I’ve done plenty of races in the past five years from tris to marathons, but I don’t think I’ve ever been truly nervous about any of the courses before. Anxious about hitting my goal pace or placing, yes. Completing the course, never. Enter the Tough Mudder. Full disclosure, this is the second Tough Mudder I’ve signed up for. My first, two years ago in Houston, I chickened out. Paid the entry fees, and just decided not to go…I told myself that I was afraid of hurting myself a few weeks before a marathon and skipping was doing the right thing. This summer, Kyle and I decided to join a team of his coworkers for Tough Mudder Dallas.
I’ve been pretty busy the last few weeks and haven’t had too much time to think about the race, but on the drive up we read through the obstacles and I started to get a twinge of worry. Sure I can run, but was I going to be able to complete the obstacles? Was I going to get hurt? And, what about that crazy electro shock therapy I’d heard about? Yikes.
Come race day we were ready to go. Armed with a good night sleep, a Venti Soy Latte and bagel, I felt good! We stretched, warmed up, took our “before” photos and lined up with the second wave of the morning.
I could probably write pages giving you a blow by blow of each obstacle, but instead here’s a few things I learned (in no particular order) from doing my first Tough Mudder.
- Sign up with a team. Being part of a team means you all get the same starting time. This ends up being VERY helpful on the course as most of the obstacles require teamwork!
- Running is the most important skill. Sure there are 21 obstacles, but you’re still running 10+ miles. Being good runners allowed us quickly get ahead of the crowds so we didn’t have to wait in line for obstacles.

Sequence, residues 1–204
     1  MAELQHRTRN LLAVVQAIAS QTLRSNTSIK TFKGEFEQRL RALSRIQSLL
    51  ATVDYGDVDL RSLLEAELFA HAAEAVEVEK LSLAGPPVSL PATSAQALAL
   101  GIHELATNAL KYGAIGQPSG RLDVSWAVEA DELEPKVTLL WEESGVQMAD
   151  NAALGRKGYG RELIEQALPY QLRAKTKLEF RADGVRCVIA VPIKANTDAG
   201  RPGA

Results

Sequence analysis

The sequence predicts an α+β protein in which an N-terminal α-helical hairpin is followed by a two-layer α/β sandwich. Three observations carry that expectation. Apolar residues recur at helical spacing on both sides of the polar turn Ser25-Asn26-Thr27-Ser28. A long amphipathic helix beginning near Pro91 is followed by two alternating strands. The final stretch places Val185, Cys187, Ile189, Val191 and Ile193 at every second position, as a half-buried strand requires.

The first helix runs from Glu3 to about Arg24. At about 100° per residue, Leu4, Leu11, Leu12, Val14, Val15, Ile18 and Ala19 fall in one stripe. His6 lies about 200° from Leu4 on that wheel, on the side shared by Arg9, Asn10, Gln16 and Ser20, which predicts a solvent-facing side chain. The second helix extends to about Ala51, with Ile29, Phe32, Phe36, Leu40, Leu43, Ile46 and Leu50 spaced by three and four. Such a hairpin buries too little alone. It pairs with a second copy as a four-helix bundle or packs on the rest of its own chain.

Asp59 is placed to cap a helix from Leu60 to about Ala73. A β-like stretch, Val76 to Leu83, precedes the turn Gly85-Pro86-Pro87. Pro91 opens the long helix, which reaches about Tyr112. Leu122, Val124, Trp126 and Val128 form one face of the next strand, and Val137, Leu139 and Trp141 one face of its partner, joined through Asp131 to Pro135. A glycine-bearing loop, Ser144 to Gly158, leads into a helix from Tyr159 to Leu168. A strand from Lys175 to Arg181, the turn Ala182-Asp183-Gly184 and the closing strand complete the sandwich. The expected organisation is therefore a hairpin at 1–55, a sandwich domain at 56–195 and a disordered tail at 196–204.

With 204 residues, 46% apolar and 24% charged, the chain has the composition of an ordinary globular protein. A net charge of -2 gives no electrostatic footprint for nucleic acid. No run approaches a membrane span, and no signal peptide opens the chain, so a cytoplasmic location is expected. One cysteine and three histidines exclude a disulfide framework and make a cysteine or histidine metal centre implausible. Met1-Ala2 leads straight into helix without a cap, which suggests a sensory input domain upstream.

- Watch your footing. The Dallas race took place on a large ranch south of the city. The result? Lots of obstacles on the ground…from cow poop to brambles, large sticks and hidden holes. Maneuvering the trails and running through high grass was a challenge in its own right.
- Get comfy with strangers. My teammates helped me along, but there were a couple obstacles where we enlisted the assistance of complete strangers. Being okay with asking for help and getting touched by people you don’t know is something we got used to pretty early on. Because nobody wants to get stuck in a mud pit alone.
- You will get messy. Our first obstacle was pretty darn muddy so right off the bat we were dirty. Wearing old running clothes and shoes made getting gross a pretty easy feat.
- Remember it’s not actually a race. The Tough Mudder isn’t timed so it really doesn’t matter how long it takes you to finish (although I’m extremely proud of being the second female of the day to complete the course). The less competitive nature let us focus on taking care of ourselves.
- There’s a thin line between encouragement and peer pressure. At the beginning of the day I declared that I was going to skip the “tear gas” and electroshock therapy obstacles. Once on the course I felt compelled to complete every obstacle. It was still my choice, but seeing everyone around me do them I knew I was capable, too.
- Pack a mini first aid kit. If I could do it again, I’d definitely put a mini first aid kit in my checked bag. Upon completion I noticed all my cuts and bruises (mainly on my knees…my high socks protected my shins) and wanted to clean them up. I also wanted to down some Advil to reduce the pain in my foot from lingering plantar fasciitis issues. While the medical tent was able to help me out, it took a while and honestly I’d rather them concentrate on real injuries.
- Enjoy the people watching. Like most large scale experiential events, the Tough Mudder attracts some characters. From guys in American flag printed undies to extremely intense Tough Mudder veterans, watching participants was a blast.
- Just have fun. Once I got through the first couple obstacles I realized that this event was completely doable and there was nothing to be scared of. As soon as I let my anxiety go, I started to really enjoy myself! Plus, it was great bonding for my fiancé and I.